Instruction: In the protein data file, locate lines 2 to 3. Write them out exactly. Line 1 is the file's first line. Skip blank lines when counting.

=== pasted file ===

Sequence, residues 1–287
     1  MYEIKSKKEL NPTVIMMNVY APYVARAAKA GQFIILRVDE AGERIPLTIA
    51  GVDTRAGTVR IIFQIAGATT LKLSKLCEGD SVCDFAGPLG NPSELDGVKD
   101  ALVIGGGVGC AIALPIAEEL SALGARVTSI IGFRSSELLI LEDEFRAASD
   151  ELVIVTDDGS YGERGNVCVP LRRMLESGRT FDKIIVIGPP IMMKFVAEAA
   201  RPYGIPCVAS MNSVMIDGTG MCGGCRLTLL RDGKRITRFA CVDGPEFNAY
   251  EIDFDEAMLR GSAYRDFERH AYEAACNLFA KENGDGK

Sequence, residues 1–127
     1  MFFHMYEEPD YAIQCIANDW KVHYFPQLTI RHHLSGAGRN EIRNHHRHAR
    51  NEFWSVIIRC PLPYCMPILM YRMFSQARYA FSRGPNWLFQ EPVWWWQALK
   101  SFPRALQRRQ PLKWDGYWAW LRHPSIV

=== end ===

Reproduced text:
     1  MYEIKSKKEL NPTVIMMNVY APYVARAAKA GQFIILRVDE AGERIPLTIA
    51  GVDTRAGTVR IIFQIAGATT LKLSKLCEGD SVCDFAGPLG NPSELDGVKD